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ODBC TEXT driver - syntax for SELECT using individual fieldnames

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  • #41
    Stuart,
    Thanks for confirming that the underbar is not a special character, and that TSV is not an acceptable extension. These clarifications are helpful toward future decisions I'll have to make regarding changes to the program that creates the log file I'm currently querying... While my file formats are OK, my file naming "standard conventions" need upgrading.

    Eric,
    That link is great to know about! I wish I'd come across it weeks ago! Of all the pages I read none contained comprehensive info like that. I've got to improve my search terms.


    With regard to the last few posts about DSN on x64 systems, I am not so clear. What I think it says:
    You can use a datasource connection string using settings similar to those shown, OR you can use a full DSN with those settings.
    However, IF 1) the program is running on a 64-bit system, AND 2) the DSN was created manually with the x64 ODBC Admin, THEN
    your connection string can simply point to the DSN.

    If there's some other meaning, I'm not getting it... (but that's nothing new!)

    -John

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    • #42
      [deleted]
      "Not my circus, not my monkeys."

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      • #43
        Originally posted by John Montenigro View Post
        With regard to the last few posts about DSN on x64 systems, I am not so clear. What I think it says:
        You can use a datasource connection string using settings similar to those shown, OR you can use a full DSN with those settings.
        However, IF 1) the program is running on a 64-bit system, AND 2) the DSN was created manually with the x64 ODBC Admin, THEN
        your connection string can simply point to the DSN.

        It's not a matter of whether you are running on an x64 machine, It's a matter of whether you are running 32 or 64 bit software.

        Any 32 bit application including a PB application, MS Office 32bit etc requires a DSN or connection string using a 32 bit ODBC driver.
        Any 64 bit application requires a DSN or connection string using a 64 bit ODBC driver.

        In the event that you have a specific driver installed that has both 32bit and 64bit versions, Windows will automagically use the correct one.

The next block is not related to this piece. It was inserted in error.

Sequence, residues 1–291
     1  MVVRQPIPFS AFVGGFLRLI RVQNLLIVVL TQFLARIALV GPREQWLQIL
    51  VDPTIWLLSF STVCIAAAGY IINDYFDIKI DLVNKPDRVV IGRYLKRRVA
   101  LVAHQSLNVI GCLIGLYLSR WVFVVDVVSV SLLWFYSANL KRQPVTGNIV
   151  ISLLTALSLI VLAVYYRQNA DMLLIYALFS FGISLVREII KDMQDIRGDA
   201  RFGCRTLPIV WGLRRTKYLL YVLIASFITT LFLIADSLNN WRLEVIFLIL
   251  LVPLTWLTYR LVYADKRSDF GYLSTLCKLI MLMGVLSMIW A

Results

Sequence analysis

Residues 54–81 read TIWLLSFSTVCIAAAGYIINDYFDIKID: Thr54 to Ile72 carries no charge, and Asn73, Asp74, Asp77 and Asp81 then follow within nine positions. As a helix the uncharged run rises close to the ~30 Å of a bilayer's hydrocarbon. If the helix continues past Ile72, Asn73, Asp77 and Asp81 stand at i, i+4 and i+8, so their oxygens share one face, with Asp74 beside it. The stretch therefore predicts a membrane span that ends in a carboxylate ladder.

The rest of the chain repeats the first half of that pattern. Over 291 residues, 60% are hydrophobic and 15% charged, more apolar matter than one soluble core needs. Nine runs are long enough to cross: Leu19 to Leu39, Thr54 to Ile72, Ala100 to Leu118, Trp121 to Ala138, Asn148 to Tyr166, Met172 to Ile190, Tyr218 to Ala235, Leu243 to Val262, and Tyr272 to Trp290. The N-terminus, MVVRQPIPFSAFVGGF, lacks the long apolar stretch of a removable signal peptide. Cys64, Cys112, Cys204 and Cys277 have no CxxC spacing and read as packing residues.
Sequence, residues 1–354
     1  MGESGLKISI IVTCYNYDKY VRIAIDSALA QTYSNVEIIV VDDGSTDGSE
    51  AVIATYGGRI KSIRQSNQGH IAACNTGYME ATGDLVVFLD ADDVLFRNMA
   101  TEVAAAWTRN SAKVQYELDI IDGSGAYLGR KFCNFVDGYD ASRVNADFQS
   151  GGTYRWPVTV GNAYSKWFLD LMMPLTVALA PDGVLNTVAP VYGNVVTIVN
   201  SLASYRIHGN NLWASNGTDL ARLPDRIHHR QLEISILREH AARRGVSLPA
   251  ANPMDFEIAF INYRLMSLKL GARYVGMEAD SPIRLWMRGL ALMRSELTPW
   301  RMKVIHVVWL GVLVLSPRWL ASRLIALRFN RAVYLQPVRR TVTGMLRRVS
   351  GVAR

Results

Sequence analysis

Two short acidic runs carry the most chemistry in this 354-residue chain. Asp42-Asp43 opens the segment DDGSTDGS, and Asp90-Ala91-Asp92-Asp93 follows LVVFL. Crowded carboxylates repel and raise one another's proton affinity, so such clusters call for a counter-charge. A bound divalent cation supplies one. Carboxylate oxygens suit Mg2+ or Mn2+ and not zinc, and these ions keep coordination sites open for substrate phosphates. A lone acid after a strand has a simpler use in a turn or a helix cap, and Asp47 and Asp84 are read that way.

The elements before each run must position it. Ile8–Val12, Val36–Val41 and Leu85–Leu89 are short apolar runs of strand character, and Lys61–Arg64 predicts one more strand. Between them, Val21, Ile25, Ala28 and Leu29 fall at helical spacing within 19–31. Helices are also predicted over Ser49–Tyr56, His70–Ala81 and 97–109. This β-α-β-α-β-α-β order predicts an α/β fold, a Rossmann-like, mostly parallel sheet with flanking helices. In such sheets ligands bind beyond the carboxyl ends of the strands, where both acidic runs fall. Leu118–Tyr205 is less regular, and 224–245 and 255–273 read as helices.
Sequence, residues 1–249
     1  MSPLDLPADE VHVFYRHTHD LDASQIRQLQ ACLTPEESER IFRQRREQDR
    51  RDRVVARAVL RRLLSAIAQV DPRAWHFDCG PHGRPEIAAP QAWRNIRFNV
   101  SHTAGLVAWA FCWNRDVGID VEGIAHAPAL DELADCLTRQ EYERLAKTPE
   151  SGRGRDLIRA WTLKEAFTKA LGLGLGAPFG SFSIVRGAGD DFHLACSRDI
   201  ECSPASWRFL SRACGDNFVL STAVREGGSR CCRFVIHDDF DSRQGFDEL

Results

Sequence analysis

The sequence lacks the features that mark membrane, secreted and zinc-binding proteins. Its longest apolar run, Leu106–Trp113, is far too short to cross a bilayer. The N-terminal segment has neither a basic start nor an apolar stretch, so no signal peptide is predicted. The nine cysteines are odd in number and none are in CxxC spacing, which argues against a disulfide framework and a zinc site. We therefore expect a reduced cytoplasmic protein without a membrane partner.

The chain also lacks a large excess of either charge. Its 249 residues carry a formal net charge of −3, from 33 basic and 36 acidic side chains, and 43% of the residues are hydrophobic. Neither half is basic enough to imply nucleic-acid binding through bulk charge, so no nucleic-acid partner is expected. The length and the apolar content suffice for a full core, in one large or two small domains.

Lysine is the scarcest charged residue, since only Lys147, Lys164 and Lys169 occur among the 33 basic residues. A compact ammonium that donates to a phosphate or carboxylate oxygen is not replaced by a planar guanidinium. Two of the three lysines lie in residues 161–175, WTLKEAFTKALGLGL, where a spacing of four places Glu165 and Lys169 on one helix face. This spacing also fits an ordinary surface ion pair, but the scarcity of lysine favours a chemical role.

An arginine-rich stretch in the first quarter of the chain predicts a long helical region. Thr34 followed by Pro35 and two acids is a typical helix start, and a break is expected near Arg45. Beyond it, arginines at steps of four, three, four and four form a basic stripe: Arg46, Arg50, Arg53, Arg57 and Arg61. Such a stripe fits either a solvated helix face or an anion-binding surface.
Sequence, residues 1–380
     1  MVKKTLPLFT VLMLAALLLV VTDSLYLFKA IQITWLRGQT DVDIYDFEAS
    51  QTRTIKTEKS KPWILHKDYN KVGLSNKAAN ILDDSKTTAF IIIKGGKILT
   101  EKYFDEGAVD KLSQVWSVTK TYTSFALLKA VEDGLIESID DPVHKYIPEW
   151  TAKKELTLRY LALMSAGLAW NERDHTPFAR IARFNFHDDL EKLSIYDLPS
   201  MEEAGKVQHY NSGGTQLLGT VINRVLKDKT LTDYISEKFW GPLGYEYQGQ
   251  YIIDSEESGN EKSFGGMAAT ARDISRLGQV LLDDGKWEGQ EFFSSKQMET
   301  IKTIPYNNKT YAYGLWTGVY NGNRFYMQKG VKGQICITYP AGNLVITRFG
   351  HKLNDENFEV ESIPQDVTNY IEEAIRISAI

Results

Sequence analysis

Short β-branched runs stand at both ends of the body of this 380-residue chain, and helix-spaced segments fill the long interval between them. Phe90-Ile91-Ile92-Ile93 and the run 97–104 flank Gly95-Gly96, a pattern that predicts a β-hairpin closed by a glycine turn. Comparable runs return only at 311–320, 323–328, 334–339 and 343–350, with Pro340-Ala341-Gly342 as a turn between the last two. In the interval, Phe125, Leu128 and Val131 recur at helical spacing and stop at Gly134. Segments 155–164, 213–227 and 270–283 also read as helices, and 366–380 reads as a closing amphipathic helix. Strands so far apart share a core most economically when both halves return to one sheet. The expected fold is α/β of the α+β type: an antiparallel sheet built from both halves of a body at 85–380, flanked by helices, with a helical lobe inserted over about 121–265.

If you only have a 32bit driver installed, you can't use it with a 64bit application (and vice versa)

        Good luck finding a "Microsoft Text Driver" in the 64bit ODBC administrator
        I think you will find you need to use the "Microsoft Access Text Driver" for 64 bit applications, and it will not be installed on many machines, you need to have installed 64 bIt MS Office or the MS Access Engine Redistributable. If you need it for something other than PB, see here: https://www.microsoft.com/en-us/download/details.aspx?id=13255


        Here's a comparison of what I see with the 32bit and 64 bit ODBC administrator.
        (no 64 bit "Text" or "Access text" driver since I use Office 32 and haven't needed to instal the 64 bit re-distributable yet.)
        You will that I have both 32 bit and 64 bit SQL Server drivers but lots of 32 bit only drivers for other data types (there are actually 32 entries in that 32 bit driver list)

        Click image for larger version  Name:	ODBC drivers.jpg Views:	0 Size:	209.2 KB ID:	786827

        Added: If you scroll to the right in those windows, you will see the name of the actual driver file.
        On my machine, the Text driver is ODBCJT32.DLL (looking at several other entries, it seems that the JT stands for "Jet", so the text driver is using the same driver for Access (.mdb), DBase, Excel, Paradox, Text, Visual Foxpro even though there are separate entries in the the driver list for these data sources.

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